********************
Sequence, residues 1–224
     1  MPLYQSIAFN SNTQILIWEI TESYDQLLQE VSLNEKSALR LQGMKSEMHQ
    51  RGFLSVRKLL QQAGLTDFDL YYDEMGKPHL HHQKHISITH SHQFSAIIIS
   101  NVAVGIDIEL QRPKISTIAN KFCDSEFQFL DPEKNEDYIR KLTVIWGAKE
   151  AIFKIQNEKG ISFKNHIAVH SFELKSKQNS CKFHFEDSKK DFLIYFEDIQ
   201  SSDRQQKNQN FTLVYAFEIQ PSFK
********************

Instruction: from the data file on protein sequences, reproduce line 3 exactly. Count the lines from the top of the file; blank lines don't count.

    51  RGFLSVRKLL QQAGLTDFDL YYDEMGKPHL HHQKHISITH SHQFSAIIIS